History

From the remotest ages the Podlasie Nadbużańskie area has been a cultural borderland, where influences of many religions, cultures and nationalities meet. The early Middle Ages (600-1251 AD) was a period of a dense town network construction by the Bug River and the time of Mielnik and Drohiczyn development. The 15th-16th centuries were the period of splendor of Podlasie Nadbużańskie. It was followed by fast economic development, which was contributed by the “royal trail” leading through these areas, connecting Cracow and Vilnius. In 1520 the land was included in the newly established Podlasie Voivodeship, whose capital - until the last partition - was Drohiczyn. The factor that lead to provincialization of Drohiczyn and Mielnik was development of Siemiatycze, a private town owned by Anna Jabłońska from the House of Sapieha.

It was in Siemiatycze that one of the biggest battles of the January Uprising took place. As a result of post-uprising restrictions the process of Russification intensified. Thanks to the town’s good transport connections (Brest-Grajewo railway built in 1873), and routes (to Białystok and Bug River route), Siemiatycze underwent economic boom in the 19th century. The II World War, however, brought destruction. Until 1941 (the German attack on the Soviet Union), the Bug River constituted a demarcation line between the Third Reich and the Soviet Union. The residents were afflicted by restrictions, which proved to be particularly severe for the Jews. The post-war period was the time of reconstruction and economic recovery. Siemiatycze, having gained the status of a poviat town, became the administrative and economic center of the lands located on the right side of the Bug River. Drohiczyn obtained borough rights and became the seat of the municipality. Siemiatycze remained a poviat until 1975. On 1 January 1999 Siemiatycze appeared on the administrative map of Poland as a poviat town.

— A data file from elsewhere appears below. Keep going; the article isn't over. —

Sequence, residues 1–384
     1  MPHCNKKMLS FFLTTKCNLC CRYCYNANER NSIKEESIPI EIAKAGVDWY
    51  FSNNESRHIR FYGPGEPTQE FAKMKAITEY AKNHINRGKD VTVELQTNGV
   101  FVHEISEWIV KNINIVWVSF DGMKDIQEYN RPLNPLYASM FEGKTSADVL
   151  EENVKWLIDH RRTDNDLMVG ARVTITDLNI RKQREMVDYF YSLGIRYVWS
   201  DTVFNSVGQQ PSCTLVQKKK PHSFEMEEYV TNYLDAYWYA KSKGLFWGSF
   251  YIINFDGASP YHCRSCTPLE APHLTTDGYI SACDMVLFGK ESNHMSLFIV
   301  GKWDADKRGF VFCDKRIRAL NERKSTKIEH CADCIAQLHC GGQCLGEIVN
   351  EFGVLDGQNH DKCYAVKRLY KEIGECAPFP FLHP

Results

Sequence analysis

A crucial historical event of the recent years was the visit paid John Paul II to Drohiczyn on 10 June 1999. In the Ecumenical Service celebrated by the Pope, Metropolitan Sawa, the superior of the Orthodox Church in Poland, participated along with superiors of other churches affiliated in the Ecumenical Council and representatives of the Muslim community. The celebration hosted around 200 thousand of the faithful.


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